After LPS stimulation, due to changes in the JunD expression levels between WKY and WKY.LCrgn2 the number of JunD ChIP-Seq peaks as well as interactions of AP-1 with other TF was impaired. These observations suggest that JunD plays an active role during macrophage activation in WKY while its role is diminished in the congenic strain. The AP-1 family has been implicated in macrophage activation [9, 25], and here we were interested in characterising the role of JunD driven AP-1 complexes during macrophage activation. AP-1 complexes can be broadly be classified into Jun and ATF families. JunD is capable of forming homo as well as hetero dimers: when forming hetero dimers with the Jun/Fos family it prefers the TRE motif, while with the ATF family it prefers CRE motifs. However, by sequence analysis of TF binding motifs, it is not possible to sub-classify the members of AP-1 families, since they recognise the same TF binding motifs. So, each member of the Jun/Fos and ATF families was considered separately for investigation of target gene expression using microarrays. We have modelled the gene expression profiles of the TFs and their targets to estimate the likelihood of a transcript to be a target of JunD/AP-1 complexes. Moreover, using spaced motif analysis, JunD interacting partners were predicted, ~50% of which were previously experimentally validated (Figure 3).
Considering the differences in the physiological levels of JunD between WKY and WKY.LCrgn2, it can be anticipated that the ChIP-Seq derived TF target data should be more concordant with the gene expression based TF’s targets in WKY compared to WKY.LCrgn2. The HNF4/DR1 was the only gene-set that showed an enrichment with the 4 hr up-regulated significantly differentially expressed genes during WKY and not in WKY.LCrgn2. Interestingly, the entire Jun family member showed enrichment with HNF4/DR1, suggesting that HNF4 might be important for macrophage activation. HNF4 has been previously linked to chemokine induced inflammatory response  and lipid metabolism.
The ATF family also showed an exclusive enrichment for 29 out of 31 gene-sets in WKY, while only 2 gene-sets were observed to be significantly enriched in WKY.LCrgn2. This is not unexpected, considering that the congenic has lower expression of JunD. Although the gene-set enrichment was not exclusive to WKY, Fisher’s exact test for 27 gene-sets showed exclusive enrichment with WKY up-regulated genes during macrophage activation at the 4 hour LPS time point. This analysis led to the identification of 866 genes that showed an enrichment of GO terms associated with antigen processing and presentation, signalling cascades and nucleic acid metabolic processes. ATF’s interaction with JunD in the context of macrophage activation has not been studied in depth. A previous study has shown that their interaction regulates the chemokine RANTES (regulated and normal T cell expressed and secreted), which is critical for macrophage activation . This suggests that ATF3 and/or B-ATF could be important for WKY macrophage activation.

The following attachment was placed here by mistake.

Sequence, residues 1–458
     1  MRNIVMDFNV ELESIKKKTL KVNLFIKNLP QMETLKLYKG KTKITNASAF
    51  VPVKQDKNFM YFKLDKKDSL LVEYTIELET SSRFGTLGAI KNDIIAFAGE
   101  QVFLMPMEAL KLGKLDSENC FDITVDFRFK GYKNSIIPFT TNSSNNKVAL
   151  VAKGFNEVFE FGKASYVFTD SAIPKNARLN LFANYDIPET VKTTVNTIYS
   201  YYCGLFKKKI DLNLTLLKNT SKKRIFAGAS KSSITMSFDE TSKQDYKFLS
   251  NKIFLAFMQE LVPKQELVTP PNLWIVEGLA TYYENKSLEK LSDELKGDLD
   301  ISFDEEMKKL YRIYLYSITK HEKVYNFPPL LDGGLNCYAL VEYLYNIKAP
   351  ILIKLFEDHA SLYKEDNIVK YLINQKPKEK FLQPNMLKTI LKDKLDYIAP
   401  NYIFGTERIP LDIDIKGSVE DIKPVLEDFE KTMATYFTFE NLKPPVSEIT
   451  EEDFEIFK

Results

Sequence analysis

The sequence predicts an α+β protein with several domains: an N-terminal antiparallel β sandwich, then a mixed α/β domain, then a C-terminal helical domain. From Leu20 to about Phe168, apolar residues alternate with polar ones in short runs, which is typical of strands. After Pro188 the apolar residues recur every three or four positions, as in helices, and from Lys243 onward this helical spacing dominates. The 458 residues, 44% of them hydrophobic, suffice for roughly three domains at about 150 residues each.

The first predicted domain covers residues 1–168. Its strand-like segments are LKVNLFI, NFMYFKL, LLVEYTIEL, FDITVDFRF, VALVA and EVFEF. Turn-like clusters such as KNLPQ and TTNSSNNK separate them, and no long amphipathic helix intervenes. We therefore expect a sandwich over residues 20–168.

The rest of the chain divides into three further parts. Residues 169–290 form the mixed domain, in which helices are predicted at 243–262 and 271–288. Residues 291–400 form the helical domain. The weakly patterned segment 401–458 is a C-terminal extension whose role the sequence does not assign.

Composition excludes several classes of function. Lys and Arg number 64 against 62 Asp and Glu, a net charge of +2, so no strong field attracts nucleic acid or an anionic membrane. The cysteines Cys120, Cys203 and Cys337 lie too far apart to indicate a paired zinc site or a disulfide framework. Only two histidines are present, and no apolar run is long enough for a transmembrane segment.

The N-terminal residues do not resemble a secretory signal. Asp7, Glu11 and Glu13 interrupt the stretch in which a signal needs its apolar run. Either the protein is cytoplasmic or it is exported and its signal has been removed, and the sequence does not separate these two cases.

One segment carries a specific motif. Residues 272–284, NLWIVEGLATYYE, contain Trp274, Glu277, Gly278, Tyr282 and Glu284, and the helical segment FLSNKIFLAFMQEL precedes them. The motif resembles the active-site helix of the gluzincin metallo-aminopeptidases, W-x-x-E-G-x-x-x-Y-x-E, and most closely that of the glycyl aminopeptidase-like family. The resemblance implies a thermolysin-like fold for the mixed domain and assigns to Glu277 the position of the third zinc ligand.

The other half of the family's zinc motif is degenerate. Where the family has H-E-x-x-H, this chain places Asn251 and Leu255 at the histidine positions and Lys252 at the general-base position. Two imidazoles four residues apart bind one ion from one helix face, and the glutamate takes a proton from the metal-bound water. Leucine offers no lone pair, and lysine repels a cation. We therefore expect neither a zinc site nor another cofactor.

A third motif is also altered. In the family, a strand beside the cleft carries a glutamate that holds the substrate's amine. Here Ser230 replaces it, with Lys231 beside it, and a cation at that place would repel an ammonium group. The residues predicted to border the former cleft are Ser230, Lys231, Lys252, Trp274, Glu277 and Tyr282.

ATF3 primarily acts as a transcriptional repressor but when it forms a hetero dimer with JunD it acts as an activator of transcription . ATF3 has been previously hypothesised to be a global regulator of macrophage activation . It has been shown before that ATF3 is up-regulated early after LPS induced toll-like receptor (TLR) engagement which together with NF-κB constitutes a negative feedback mechanism to down regulate TLR . Although Gilchrist et al. observed over-representation of ATF3, AP-1 and NF-κB target genes, they primarily focused on the co-operative interaction of ATF3 with NF-κB. Hence, the role of ATF3 in the context of JunD was not studied in detail. With our integrated analysis however, we have identified direct targets of the ATF3-JunD complex that might be important for macrophage activation.